The second chapter, for example, is a commentary on the passage found in the Pseudo-Yonatan targum to Genesis 1:21. The report of the Bible that God created the great sea monsters is enhanced in this targum by the information that these sea monsters were "Leviathan and its mate, which were made for the Day of Consolation" [Yoma de-nehemata]. The author shows that the Day of Consolation is the day of salvation and he refers to other Rabbinic material to show the connection between this day and the resurrection of the dead. Most of the chapter is devoted to the legends about the Leviathan and the Messianic banquet, with subsections on Leviathan as a plaything of God, the dimensions of the chaos monster, and the arena combat between the monsters. In this section, the author does not claim that the Messianic banquet is connected with the resurrection of the dead, and some of the sources refer to this banquet as being held in "the world to come," with no precise definition of what they thought this term meant.
The following chapters continue in the same pattern. The passages which serve as their basis are the targums to Genesis 3:19, 19:26, 25:19-34, 30:22 (Deut. 28: 12), Exod 15:12, Deut 31:16, 33:6. The penultimate chapter deals with several passages in which quickening of the dead is mentioned: such as Exodus 20:16(!) in which the sounding of the shofar on Mount Sinai is reported as having brought the dead back to life, and the author here enlarges on the eschatological shofar and its meaning.
The third chapter is devoted to the targumic enhancement of Genesis 3:19. A number of targumic traditions added to the statement of God that man was dust and that he would return to dust, that he would eventually rise again from the dust to give an account of all that he had done. The fourth chapter is devoted to Lot's wife turning into a pillar of salt (Gen. 19:26) to which some of the targums add that this pillar will exist until the dead are quickened. The author discusses the meaning of Lot's wife looking back, the meaning of salt, and, finally, the significance of the targumic statement that this pillar will exist until the dead are quickened. Although statements of this type have been used to impress the listener with the permanence of the situation (see E. E. Urbach, Hazal [Hebrew edition], p. 594 and references), the author assumes that we have here a reference to the Rabbinic discussion of whether the sinners of Sodom will stand to judgment on the day of quickening.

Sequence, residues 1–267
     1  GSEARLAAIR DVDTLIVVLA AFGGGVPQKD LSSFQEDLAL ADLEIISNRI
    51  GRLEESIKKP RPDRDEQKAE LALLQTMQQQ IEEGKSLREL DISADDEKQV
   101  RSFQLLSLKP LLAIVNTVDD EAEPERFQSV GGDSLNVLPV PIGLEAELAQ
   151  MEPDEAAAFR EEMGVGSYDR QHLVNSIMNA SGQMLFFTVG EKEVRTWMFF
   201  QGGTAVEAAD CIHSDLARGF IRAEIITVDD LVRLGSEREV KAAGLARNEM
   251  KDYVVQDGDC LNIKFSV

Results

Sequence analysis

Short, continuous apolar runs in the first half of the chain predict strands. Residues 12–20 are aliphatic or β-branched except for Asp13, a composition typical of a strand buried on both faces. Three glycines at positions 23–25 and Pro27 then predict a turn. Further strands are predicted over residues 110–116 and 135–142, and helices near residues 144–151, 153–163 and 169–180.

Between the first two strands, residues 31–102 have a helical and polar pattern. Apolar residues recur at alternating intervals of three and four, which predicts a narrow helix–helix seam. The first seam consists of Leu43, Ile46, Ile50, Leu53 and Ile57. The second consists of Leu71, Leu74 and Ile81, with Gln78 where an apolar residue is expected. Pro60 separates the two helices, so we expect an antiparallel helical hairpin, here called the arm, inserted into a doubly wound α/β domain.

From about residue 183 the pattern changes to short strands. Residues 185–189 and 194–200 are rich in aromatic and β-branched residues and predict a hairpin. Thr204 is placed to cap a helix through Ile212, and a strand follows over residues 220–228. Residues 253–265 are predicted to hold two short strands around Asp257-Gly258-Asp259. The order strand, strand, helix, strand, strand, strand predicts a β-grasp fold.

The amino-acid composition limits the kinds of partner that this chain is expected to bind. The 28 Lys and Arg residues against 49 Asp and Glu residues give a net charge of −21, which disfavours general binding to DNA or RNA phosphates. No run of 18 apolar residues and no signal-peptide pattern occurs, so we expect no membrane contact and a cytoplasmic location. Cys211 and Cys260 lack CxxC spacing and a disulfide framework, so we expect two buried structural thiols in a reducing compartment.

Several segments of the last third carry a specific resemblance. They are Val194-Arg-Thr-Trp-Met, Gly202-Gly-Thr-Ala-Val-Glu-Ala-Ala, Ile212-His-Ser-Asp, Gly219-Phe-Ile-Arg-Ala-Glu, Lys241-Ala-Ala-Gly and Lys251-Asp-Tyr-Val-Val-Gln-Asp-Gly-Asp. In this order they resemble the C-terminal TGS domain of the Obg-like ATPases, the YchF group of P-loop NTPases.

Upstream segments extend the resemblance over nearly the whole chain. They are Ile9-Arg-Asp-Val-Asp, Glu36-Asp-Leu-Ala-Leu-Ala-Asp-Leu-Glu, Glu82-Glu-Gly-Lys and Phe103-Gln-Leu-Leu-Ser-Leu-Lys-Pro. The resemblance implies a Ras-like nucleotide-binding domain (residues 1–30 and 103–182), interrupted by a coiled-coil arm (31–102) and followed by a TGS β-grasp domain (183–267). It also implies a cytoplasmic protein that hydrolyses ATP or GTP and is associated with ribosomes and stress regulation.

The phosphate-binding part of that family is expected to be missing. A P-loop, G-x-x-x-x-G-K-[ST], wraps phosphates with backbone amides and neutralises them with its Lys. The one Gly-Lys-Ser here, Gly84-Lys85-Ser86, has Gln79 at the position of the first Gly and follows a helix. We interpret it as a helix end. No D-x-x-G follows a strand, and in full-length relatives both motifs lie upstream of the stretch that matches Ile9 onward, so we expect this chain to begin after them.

In summary, the greatest part of the book its commentary on the targumic exegesis rather than its analysis of tehiyyat hametim. The final chapter, entitled "Summary and conclusions," is more of a summary than a conclusion. My own conclusion is that the tenuous relationship of most of the sources passages to tehiyyat hametim would cause one to wonder whether the extent of ancient interest in quickening of the dead is reflected in targumic literature. Although this book does not answer this question, I think that the reader will find the commentary well done, and it is a useful contribution to the study of biblical legends as preserved in Rabbinic and non-Rabbinic sources.
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Joseph Tabory. Review of Sysling, Harry, Tehiyyat Ha-Metim: The Resurrection of the Dead in the Palestinian Targums of the Pentateuch and Parallel Traditions in Classical Rabbinic Literature.